3. The defendant in his written statement alleges that the plaintiffs are not residents of the locality, nor do they live close to the plaint mosque. They have never worshipped in the mosque nor have 'they any right to do so. By a stone inscription, Ex. 13 appearing in the mosque, it would seem that Bapu Vaidyar erected the mosque about the year 1847 or 1848. Exhibit A is a settlement deed of 1879 by one Amir Khan Sahib, grandson of the founder in which he settles Rs. 4,000 worth of property for the benefit of the charity established by his ancestors in the mosque in Elliammankoil Street, Tanjore, and appoints his foster son who is the defendant to enjoy the trust property and apply the income to it. On the evidence the learned Judge has found that the 1st plaintiff who is the duffadar of the District Court of Tanjore lives far away from the plaint mosque there being three other mosques nearer to his house and that his opportunities for attending the plaint mosque are limited to the occasions when he happens to visit his second wife when she is living in her mother's house. The 2nd plaintiff says that he attended the mosque when he went to his brother's house for meals. As there is ill-feeling between the two, it is improbable that he would go to his brother's house for this purpose. He admits that he had not been to the mosque in the month of Ramzan for the past seven or eight years, or on the 12th day of the Barabafat month all of which are festive occasions among Muhammadans. The 3rd plaintiff is a native of some village in Pudukottah and admittedly he went for prayers to one or other of the two mosques which are near his shop and would appear to have no occasion to go to this mosque in the Elliammankoil Street. Fourth plaintiff lives in the same street as the 3rd. He admits that he had been employed in different places in different capacities for the last 10 or 15 years and, consequently he would have had no opportunity of going to this mosque for prayers. There are farther other mosques near his house, three within half a furlong and one within a furlong. He says he used to go to Elliamman Street to collect moneys for his employer. He, however, admits that he has not for the last 2 1/2 years gone to that street for this purpose. It is, therefore, found by the learned Judge and in fact admitted by the learned Vakil for the appellants that none of these plaintiffs can be said to be. habitual worshippers of the plaint mosque. Mr. P.R. Ganapathi Iyer for the appellants contends first that every Muhammadan is entitled as such to attend any mosque for wordship and this may be at once admitted to be correct. He relies not only on this but also on the fact that the plaintiffs are residents of the locality and his contention is that these two points, i. e., right to worship and residence in the locality taken together would afford the interest acquired under Section 92. The test to be applied has been authoritatively laid down as far as we are concerned by the-judgment in Ramachandra Iyer v. Parameswaran Munbi 50 Ind. Cas 633 9 L.W. 492 : (1919) M.W.N. 370. That was a well-known case in which Mr. T.R. Ramachandra Iyer claimed interest as a member of the Hindu community and, thereby alleged title to institute a suit in respect of a temple in Tellichery. In the full and instructive judgment delivered in that case by Wallis, C.J., the history of the provision of law is traced and the learned Chief Justice came to the. conclusion that in order to entitle a plaintiff to sue under the section 'he must have a clear interest in the particular trust over and above that which millions of his countrymen may be said to have by virtue of their religion.' The learned Chief Justice after referring to the amendment of the section which originally contained the words ' direct interest' was of opinion that even after the amendment the words 'interest in trust' must still, in Lord Eldon's words, be 'a clear interest' that is to say, a present and substantial, and not a remote and fictitious or purely illusory interest and further ' that interest if the provision is not to be altogether illusory, must arise from some special relation in which the plaintiff stands to the endowment in question as compared with the whole body of religious community throughout India.' On a difference of opinion between the learned Chief Justice and Kumara-swami Sastri, J., who took the view that the right of worship in a particular temple is sufficient interest under the section, the case was referred to three learned Judges of this Court one of whom was Abdul Rahim, J. Had this learned Judge said in his judgment anything particularly applicable to mosques as distinguished from temples, it would in my view have earned great weight. He agreed with Kumaraswami Sastri, J., and held with him that the section gave the right to institute actions to secure proper administration of temples and mosques to all persons who have a right of attendance and worship at these religious foundations. The majority of the Court, however, Oldfield and Coutts Trotter, JJ., held otherwise and agreed with the judgment of the Chief Justice. Oldfield, J., in the course of his judgment said: ' Proof of residence in the neighbourhood of the institution will no doubt be one way of establishing possession of an interest, not by any analogy with the rights of parishioners in England, but on the simpler ground that those who live near to the institution will be most likely to take advantage of its benefits.' It would, therefore, seem that the test of locality is only to be applied in relation to actual user of the temple or mosque by the inhabitants residing close to it. Coutts Trotter, J., was distinctly of opinion that the right to worship in a temple was not equivalent to interest and refused to import the definition in Section 15 of the Religious Endowments Act (As Wallis, C.J., had refused to do before) in order to interpret the meaning of Section 92, C.P.C. 'The learned Judge continued. 'In so far as the decided cases suggest a limitation, the limitation suggested is that of living in the neighbourhood of the institution in question and habitually resorting thereto for purposes of worship.' On that, one can be asked 'what is your definition of neighbourhood?' 'What is your definition of habitual resorting?' The learned Judge confessed that no universally applicable formula in answer to these questions could be discovered. All that can be done is to say that the interest required by the Statute must be clear, present and substantial and not a remote and fictitious or purely illusory interest or an existing interest and not a mere contingency. Beyond that the learned Judge was of opinion that the question was a pure question of fact, and must be left, to the Court to decide on a consideration of the particular circumstances of each case. The latest case in the Privy Council Vaidyanatha Ayyar v. Swaminatha Ayyar A.I.R. 1924 (P.C.) 221 : 20 L.W. 803 51 I.A. 282 does not touch the present matter. It seems to me unnecessary in the light of the judgment of the majority of Judges in Ramachandra Iyer v. Paramesivaran Munbi (1919) M.W.N. 370 to examine the earlier cases on the subject and applying that case to the facts of this case as previously set out, it appears to me that it cannot be said that the plaintiffs had anything but an illusory or fictitious interest in this mosque. They either did not worship there at all or worshipped on such rare occasions and such long intervals that they cannot be said to have a real or clear interest as required by the decision. It appears to me perfectly dear that Mr. P.R. Ganapathi Iyer's suggestion is that the. residents of the same town have the requisite interest even if they do not worship at the particular temple or mosque in question. It is, however, clear on the decision in Ramachandra Iyer v. Paramesivaran Munbi (1919) M.W.N. 370 that so long as they have the right to do so, they must be shown to have some interest over and above the rest of the residents of the locality of their own community who are entitled 28 members of that community to take part in the worship conducted in the institution. This the plaintiffs are not shown to possess. We are referred to one decision in Garuda Sanyasayya v. Nerella Muthemma 35 M.L.J. 661 : 25 M.L.T. 86 where the point arose but is dismissed in three lines of the judgment. It was a case of choultry and the learned Judges held that as the plaintiffs were residents in the locality in which the choultry was situated and were members of the community for whose benefit the charity was founded, it was sufficient to give them interest to institute a suit for its management. Wallis, C.J., was one of the Judges who decided that case which was prior to thi3 decision in Ramachandra Iyer v. Parameswaran Munbi (1919) M.W.N. 370. In my opinion, therefore, the learned Judge in this case was right in dismissing the suit on the point of want of interest in the plaintiffs.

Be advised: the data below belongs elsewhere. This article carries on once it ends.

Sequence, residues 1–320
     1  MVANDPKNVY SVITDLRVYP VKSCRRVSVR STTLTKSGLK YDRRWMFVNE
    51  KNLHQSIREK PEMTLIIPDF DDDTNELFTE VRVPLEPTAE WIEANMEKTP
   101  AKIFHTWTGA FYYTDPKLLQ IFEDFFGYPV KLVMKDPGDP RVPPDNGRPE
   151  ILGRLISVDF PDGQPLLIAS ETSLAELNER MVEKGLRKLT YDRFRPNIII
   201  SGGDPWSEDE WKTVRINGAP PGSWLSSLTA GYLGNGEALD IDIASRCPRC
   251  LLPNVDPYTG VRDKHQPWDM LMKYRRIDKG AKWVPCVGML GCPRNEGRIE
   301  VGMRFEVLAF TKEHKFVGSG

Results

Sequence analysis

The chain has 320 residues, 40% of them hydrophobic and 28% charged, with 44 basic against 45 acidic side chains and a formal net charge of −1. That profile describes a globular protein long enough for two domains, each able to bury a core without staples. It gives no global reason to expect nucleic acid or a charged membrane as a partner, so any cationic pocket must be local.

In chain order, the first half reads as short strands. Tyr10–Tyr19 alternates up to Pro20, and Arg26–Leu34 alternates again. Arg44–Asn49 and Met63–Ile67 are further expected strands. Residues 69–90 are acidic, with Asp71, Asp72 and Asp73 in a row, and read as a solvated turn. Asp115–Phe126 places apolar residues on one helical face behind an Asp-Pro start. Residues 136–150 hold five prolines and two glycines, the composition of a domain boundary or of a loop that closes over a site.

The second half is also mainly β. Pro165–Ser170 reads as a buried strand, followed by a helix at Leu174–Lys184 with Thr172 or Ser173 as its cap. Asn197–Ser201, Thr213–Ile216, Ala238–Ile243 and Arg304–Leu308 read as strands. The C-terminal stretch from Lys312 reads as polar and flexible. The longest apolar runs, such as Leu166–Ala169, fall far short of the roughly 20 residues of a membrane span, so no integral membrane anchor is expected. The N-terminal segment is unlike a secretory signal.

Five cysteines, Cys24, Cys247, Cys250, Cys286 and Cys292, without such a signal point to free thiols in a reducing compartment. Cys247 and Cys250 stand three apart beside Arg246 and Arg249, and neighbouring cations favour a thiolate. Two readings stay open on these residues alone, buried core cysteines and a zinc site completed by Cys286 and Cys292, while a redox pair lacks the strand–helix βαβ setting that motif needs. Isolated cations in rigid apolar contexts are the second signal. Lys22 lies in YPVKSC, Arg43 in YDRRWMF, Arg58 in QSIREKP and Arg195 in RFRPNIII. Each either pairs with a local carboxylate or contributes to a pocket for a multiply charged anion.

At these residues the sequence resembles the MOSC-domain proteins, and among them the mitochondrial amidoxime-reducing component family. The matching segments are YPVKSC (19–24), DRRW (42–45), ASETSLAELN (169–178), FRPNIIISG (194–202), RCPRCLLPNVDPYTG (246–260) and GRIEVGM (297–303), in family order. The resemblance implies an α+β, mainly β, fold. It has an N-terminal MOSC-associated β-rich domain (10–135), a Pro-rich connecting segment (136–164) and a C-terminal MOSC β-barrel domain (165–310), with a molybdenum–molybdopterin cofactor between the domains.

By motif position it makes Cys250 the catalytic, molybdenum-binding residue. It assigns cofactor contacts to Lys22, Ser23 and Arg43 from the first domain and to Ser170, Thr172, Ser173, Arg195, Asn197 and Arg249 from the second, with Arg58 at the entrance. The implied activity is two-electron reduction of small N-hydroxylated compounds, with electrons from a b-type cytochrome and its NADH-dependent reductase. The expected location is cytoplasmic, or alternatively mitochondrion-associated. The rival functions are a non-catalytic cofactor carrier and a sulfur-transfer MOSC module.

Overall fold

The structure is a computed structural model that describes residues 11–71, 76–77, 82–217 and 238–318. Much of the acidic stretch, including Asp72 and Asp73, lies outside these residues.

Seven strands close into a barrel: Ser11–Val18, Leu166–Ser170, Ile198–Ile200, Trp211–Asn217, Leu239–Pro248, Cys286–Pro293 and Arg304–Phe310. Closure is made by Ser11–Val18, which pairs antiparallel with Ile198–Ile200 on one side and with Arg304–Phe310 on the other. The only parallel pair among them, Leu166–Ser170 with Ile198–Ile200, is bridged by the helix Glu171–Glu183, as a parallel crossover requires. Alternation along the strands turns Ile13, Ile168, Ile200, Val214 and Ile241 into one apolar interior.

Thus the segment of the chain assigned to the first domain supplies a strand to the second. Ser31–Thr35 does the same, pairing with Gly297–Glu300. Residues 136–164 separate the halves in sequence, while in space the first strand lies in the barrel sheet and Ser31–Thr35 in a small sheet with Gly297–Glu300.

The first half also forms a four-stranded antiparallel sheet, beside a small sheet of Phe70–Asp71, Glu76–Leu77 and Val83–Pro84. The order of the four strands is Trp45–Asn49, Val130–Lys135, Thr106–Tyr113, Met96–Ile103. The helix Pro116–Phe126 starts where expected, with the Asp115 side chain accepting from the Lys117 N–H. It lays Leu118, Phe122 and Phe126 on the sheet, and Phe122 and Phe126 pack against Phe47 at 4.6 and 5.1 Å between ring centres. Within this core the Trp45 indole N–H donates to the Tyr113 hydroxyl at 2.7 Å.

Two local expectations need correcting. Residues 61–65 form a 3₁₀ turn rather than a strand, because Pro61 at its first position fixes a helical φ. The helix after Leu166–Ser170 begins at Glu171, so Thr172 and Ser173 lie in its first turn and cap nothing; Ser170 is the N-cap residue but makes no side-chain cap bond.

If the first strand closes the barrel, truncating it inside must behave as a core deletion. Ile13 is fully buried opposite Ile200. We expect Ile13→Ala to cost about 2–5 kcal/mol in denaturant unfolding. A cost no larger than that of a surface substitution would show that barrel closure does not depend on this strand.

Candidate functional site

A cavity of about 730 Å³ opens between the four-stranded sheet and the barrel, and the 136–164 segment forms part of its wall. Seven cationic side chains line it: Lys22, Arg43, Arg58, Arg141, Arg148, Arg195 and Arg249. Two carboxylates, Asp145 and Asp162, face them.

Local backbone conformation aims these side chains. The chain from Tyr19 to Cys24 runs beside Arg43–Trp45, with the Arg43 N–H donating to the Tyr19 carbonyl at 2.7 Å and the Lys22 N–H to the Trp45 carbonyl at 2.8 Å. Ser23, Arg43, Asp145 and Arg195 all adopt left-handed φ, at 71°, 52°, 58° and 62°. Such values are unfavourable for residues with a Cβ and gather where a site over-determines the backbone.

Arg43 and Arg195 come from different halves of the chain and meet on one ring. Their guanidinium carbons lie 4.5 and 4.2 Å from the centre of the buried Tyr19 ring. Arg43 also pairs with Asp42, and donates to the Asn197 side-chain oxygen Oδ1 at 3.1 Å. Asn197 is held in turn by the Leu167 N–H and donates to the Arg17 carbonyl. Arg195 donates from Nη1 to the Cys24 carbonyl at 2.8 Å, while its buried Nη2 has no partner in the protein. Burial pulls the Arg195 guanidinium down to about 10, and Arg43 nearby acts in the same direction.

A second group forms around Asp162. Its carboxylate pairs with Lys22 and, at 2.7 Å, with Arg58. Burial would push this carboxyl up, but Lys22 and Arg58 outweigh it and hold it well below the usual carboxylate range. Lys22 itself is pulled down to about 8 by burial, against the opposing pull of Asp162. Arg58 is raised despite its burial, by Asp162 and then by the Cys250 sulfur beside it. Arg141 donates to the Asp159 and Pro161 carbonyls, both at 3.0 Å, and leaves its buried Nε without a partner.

4. It is unnecessary in the view I take on this point to discuss the question of the charges. But I may add that having carefully considered the matter I should, if necessary, be of opinion that none of the charges have been established against the defendant. On all these grounds, therefore, it appears to me that the appeal must be dismissed with costs.